For the love in your heart to truly grow and be sustained there is an essential yogic ingredient, you consciously choose to offer your heart’s love at the spiritual eye (ajna chakra) in deep meditation. As you channel the love upwards within yourself it’s as if a ray of light is shining to that beyond and beyond.

Once you begin to understand and become aware of the heart it’s relatively easy to see when it’s reaching out in desire based on condition. In that moment learn to re­direct the heart’s feelings inwards, know that you have the love and joy within, then even the difficulties become wonderful experiences.

Awaken Divine love to transform your yoga practice and spiritual life. Make the heart a sacred refuge once and for all, then you will awaken unto something far greater than yourself.

You will become an expression of Divine love.

This October I will give a free lecture on the chakras including simple practices that have the potential to uplift you. For guided meditations on the chakras visit our FB group. Eastside Yoga meditators.

Love to you!

Steven

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Develop Your Home Practice

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Benefits of Postnatal Yoga

~ By Melissa Savoie

The postnatal yoga that I offer at Eastside Yoga is a class for mothers and babies to attend together.  Partners, family and friends are also welcome.  Women usually don’t begin attending this class until cleared by their midwife or doctor for activity around six weeks postpartum.  

 

Just like prenatal, postnatal classes are focused on community.  We begin the class with a circle to share updates on the babies’ progress as well as physical, emotional or mental updates that moms choose to share.  These discussions also include sharing information about infant care: teething, feeding, diapering and any other issue that might arise in early parenthood.  In this way, the group acts as both a place for asking and answering questions as well as a place to find referrals to other resources in the community.  These referrals include infant swimming and music classes, mother’s support groups, pelvic floor physical therapy, chiropractic and acupuncture.  This sense of community supports women especially in these early days of parenthood, which can feel very isolating.  

 

The yoga in postnatal is a mixture of yoga done for parents while their babies rest or play on blankets and yoga done with the babies.  This is an open class.  Parents might stop to care for their child at different points in the practice and then re enter when ready.  The yoga for parents is focused on the needs of the group in the room that day.  Common issues include low back discomfort, upper back tension, wrist discomfort and a feeling of being unsupported in the core.  We use therapeutic style yoga to address these areas of tension as well as strengthening poses to support postpartum recovery.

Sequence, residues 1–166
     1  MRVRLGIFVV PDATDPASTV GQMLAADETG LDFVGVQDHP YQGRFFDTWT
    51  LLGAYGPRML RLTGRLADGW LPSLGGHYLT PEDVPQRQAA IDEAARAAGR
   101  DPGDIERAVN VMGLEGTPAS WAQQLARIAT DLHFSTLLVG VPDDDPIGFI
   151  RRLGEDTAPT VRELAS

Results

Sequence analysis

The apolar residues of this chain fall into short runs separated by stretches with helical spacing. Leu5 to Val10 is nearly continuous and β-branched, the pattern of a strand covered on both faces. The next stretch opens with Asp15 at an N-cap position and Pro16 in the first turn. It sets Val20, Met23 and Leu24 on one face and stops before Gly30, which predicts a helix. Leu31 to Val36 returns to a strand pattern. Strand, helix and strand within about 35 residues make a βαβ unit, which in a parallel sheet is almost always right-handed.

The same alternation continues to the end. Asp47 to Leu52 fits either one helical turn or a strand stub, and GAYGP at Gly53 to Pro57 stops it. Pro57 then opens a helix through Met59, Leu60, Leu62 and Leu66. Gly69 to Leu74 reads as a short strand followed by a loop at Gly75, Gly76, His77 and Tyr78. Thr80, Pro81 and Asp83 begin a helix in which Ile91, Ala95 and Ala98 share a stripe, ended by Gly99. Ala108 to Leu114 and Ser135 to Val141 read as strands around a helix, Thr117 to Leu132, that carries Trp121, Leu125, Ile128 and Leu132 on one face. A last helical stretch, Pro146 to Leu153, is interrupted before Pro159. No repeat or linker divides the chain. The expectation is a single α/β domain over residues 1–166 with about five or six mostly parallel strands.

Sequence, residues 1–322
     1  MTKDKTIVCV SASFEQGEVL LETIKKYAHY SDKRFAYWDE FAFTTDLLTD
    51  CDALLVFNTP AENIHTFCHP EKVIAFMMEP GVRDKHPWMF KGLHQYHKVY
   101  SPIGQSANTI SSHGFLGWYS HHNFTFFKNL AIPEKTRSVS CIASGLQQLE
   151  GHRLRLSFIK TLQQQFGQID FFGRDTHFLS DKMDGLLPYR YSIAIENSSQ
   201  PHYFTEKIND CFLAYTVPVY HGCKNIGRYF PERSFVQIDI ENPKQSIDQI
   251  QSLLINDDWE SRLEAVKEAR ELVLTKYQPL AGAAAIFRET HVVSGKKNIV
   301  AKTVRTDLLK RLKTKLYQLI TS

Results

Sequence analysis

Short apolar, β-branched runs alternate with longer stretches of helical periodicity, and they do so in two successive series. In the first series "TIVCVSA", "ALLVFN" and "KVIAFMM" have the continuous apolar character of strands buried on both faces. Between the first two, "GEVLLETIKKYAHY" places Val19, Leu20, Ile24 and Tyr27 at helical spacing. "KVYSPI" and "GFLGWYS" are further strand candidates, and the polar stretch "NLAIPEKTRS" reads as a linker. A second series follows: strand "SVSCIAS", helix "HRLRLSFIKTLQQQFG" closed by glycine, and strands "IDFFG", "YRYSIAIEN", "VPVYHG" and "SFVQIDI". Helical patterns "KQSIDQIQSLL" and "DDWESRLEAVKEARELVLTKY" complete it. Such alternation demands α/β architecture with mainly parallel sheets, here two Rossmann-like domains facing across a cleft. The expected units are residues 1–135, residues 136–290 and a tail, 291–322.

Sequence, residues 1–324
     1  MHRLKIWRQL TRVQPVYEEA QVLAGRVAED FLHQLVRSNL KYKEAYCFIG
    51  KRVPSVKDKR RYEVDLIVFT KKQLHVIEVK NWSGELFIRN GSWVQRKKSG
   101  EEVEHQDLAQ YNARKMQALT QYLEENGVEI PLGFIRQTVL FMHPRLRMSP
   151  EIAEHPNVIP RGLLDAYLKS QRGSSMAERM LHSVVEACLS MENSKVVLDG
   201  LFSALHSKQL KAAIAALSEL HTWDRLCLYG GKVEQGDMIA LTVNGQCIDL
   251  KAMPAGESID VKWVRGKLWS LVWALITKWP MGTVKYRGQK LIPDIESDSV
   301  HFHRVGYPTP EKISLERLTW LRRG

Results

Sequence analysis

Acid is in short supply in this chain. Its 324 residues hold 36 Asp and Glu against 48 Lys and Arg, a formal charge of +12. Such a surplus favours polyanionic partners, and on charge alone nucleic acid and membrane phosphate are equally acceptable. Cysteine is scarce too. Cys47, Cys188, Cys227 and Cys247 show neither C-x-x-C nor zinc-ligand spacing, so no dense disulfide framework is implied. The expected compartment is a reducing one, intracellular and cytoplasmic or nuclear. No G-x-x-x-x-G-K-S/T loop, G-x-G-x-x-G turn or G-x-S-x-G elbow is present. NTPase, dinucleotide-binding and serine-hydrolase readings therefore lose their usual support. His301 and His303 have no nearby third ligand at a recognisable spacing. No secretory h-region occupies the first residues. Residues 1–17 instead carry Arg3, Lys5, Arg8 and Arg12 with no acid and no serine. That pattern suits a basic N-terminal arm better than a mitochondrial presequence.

The yoga for the babies also includes strengthening poses for mom: squats while holding the baby, lunges and wall sits with songs.  We do a lot of singing in postnatal yoga.  Primarily, the same songs are sung each class so that as a baby grows the classroom is a familiar and comfortable place.  As they begin to move into toddler class, they will sometimes sing along.  We usually do a standing circle of activities, followed by a seated circle.  These activities and songs are a great way for parents to bond with their child.  This can be one of the first activities outside the home that they share and enjoy together.  

 

To end class, we finish with some restorative poses like long twists, legs up the wall or my favorite for parents: supported crocodile pose.  This pose is a great variation of savasana for parents, who tend to be very stimulated.  We lie facedown with the torso supported by a bolster and the forehead resting on a blanket.  It encourages release in the neck and a moment of relief from the constant alertness involved in the parenting of infants and babies.  In these moments of savasana and rest, how ever long they last, part of the practice of parent and child yoga is finding peace and rest in moments that might feel chaotic.  This is the practice of parenthood and is reflected in this type of yoga.

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Benefits of Prenatal Yoga

~ By Melissa Savoie

It’s Saturday morning in East Austin with sun lighting up the gold curtains and warming the cork floor.  Six women in varying states of pregnancy move about the room, unfolding their mats and gathering blankets and blocks.  The class begins with eyes closed, one hand on the heart, one on the belly.  Focusing on the growing and changing new life inside and to the breath that connects mother and child from the very beginning.

 

Prenatal yoga classes give students the opportunity and the place to connect to their community and their changing body.  At the beginning of each class, women are asked to share where they are in their pregnancy as well as any symptoms or experiences that are pressing at that moment.  These discussions are sometimes also focused more on the emotional and social experiences of pregnancy.  Being able to share these common symptoms, emotions, worries and joys help women feel connected to the other mothers in the class and to normalize their experience. Prenatal yoga class is a great place to begin to build relationships with other mothers that will continue after the birth of the baby.